The BOR operates the Paradox Valley Unit (PVU), a salinity control project located at Paradox Valley in western Colorado that helps to minimize water degradation in the Colorado River. PVU diverts up to 90% of the naturally occurring brine groundwater in Paradox Valley, preventing it from entering the Dolores River. The subsurface brine is intercepted by PVU and then pumped into a 4.8-kilometer-deep injection well at the edge of the valley. Thus, the state of the reservoir and integrity of the PVU brine injection operations are of utmost importance to BOR. BOR monitors the injection operations and accompanying induced seismic events, thousands of which were detected since continuous injection began in 1996. Considering the amount of brine and the recorded induced seismicity, subsurface deformation was suspected and may be detectable through corresponding surface uplift or subsidence. However, because no surface measurements utilizing tilt meters or global positioning system (GPS) have been undertaken for Paradox Valley, BOR researchers evaluated the use of interferometric synthetic aperture radar (InSAR) for the Paradox Valley region.
SAR interferometry measures the change in distance between the radar and the ground in the period of time spanned by two SAR scenes. Thus, InSAR contains information on topography as well as change in topography that may have occurred between the data acquisition dates. Surface deformation that reflects motion away and/or toward the satellite causes an increase and/or decrease, respectively, in the signal path length. For the analysis of the Paradox Valley Unit, available SAR data were compiled from University NAVstar Consortium (UNAVCO) and Alaska Satellite Facility (ASF) archives. Datasets from the European Remote-Sensing satellites (ERS1, ERS2), Advanced Land Observing Satellite (ALOS-1), and Environmental Satellite (ENVISAT) produced some interferograms with the best coherence among the available SAR imageries. InSAR processing produced indications of extensive deformation along slopes, valleys, rivers, and peaks surrounding and adjacent to Paradox Valley. Results indicate possible ground movement that ranges from 2-10 centimeters of deformation within several weeks to several years, which most likely correlates to soil expansion/contraction caused by weather and seasonal variability in the region. There was no indication of any deformation, either uplift or subsidence, that can be related to PVU well-injection operations on the analyzed interferograms in this initial study.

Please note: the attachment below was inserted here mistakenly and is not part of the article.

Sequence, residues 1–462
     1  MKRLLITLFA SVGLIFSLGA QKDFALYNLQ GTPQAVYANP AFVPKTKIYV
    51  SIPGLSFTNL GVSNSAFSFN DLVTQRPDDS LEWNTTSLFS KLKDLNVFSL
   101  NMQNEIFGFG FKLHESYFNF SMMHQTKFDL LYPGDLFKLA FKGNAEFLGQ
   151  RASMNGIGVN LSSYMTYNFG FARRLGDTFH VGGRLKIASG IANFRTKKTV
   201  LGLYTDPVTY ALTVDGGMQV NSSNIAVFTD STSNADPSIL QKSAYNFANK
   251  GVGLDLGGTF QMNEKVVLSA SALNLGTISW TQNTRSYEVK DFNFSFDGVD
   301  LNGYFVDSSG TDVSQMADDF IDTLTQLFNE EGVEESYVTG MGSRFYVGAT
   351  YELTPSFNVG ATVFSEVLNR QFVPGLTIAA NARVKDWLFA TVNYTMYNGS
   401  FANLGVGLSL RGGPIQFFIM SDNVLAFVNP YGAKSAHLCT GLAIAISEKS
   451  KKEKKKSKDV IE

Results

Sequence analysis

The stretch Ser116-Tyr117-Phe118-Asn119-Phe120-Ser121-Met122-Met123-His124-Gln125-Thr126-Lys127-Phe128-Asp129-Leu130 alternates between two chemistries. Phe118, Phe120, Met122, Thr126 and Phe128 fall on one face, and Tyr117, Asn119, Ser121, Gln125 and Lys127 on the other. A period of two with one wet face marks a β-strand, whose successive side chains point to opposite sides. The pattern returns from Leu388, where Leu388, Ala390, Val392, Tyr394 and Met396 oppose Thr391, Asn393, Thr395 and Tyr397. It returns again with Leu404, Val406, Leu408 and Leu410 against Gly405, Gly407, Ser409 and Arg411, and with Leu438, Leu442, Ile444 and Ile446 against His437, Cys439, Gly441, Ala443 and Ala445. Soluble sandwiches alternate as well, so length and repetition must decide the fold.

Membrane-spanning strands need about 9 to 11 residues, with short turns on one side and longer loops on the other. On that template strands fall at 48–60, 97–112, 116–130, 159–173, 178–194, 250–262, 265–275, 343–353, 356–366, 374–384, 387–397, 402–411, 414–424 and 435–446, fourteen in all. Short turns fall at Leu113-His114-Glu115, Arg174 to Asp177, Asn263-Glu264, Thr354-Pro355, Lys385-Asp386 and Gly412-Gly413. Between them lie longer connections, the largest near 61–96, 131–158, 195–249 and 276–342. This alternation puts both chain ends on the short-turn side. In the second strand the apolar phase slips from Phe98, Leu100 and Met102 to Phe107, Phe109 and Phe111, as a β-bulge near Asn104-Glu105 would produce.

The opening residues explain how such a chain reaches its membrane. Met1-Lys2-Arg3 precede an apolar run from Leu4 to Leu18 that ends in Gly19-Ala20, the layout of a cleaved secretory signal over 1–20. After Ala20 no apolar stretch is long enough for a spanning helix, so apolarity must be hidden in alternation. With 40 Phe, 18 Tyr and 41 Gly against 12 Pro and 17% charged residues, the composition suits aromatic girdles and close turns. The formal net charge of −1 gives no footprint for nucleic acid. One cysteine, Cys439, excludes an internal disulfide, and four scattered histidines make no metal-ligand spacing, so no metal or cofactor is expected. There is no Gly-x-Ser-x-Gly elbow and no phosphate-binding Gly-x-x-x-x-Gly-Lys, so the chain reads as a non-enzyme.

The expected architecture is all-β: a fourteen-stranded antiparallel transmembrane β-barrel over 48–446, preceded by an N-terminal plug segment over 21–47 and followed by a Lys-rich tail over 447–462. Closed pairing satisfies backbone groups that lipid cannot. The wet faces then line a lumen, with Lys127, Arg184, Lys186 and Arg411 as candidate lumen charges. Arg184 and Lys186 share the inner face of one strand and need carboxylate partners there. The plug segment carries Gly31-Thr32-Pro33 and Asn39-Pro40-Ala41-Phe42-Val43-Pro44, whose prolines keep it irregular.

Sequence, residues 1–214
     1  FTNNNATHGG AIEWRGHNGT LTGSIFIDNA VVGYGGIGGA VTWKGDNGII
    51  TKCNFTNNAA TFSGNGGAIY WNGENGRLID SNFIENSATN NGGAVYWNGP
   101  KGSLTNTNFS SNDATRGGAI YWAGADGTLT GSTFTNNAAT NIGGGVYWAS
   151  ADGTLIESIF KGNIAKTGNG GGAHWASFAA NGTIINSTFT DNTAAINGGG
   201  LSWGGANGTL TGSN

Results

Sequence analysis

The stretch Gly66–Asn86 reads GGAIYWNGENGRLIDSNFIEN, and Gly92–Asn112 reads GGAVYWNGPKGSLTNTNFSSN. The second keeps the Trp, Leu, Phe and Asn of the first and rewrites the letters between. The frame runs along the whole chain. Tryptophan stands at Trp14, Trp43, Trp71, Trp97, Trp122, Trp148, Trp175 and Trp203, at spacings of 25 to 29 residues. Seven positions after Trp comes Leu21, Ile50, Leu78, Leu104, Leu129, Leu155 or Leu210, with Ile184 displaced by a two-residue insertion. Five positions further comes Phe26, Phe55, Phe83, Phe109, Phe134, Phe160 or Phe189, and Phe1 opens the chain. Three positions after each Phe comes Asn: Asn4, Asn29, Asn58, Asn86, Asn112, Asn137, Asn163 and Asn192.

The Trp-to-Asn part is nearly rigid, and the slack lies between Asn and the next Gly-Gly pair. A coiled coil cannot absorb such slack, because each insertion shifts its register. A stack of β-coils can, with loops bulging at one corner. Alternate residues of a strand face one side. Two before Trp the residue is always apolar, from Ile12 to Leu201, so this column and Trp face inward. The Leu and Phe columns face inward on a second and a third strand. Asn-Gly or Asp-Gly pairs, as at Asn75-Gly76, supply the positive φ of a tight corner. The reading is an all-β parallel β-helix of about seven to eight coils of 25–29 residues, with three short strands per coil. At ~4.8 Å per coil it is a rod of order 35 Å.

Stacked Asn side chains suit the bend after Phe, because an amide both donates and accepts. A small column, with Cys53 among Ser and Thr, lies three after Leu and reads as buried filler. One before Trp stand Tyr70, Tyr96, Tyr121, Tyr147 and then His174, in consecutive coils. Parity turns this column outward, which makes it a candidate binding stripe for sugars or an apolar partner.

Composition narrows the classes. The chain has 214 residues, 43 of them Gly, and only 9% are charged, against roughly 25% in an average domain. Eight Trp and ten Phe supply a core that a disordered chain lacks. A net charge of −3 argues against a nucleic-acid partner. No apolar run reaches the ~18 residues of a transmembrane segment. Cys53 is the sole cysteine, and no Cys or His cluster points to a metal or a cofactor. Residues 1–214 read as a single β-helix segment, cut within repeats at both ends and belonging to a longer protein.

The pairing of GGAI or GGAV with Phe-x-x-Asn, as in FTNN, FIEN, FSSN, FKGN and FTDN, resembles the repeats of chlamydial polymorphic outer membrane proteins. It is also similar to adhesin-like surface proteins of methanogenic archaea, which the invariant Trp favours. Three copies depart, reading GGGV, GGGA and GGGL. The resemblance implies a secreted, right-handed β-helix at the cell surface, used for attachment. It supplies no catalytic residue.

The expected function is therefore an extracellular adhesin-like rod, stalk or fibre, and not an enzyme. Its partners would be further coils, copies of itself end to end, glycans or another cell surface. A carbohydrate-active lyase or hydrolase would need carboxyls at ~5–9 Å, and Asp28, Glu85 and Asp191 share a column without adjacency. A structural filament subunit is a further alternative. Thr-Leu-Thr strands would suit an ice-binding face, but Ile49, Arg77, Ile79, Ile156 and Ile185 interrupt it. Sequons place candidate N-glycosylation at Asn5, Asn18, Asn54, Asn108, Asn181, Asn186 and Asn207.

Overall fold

An example of a LOS displacement map (a) with good coherence produced for Paradox Valley Unit (star) for ALOS-1 t27105_f750 scenes and interferogram (b) with 2808m baseline length between master and slave scenes taken on 2006-12-30 and 2007-0702, respectively. Right inset in (a) shown as white pixels correspond to high coherence and grey/black pixels indicates low or no correlation. The area in the insets and (b) enclosed by a rectangle (55km x 40km) is the Paradox Valley region.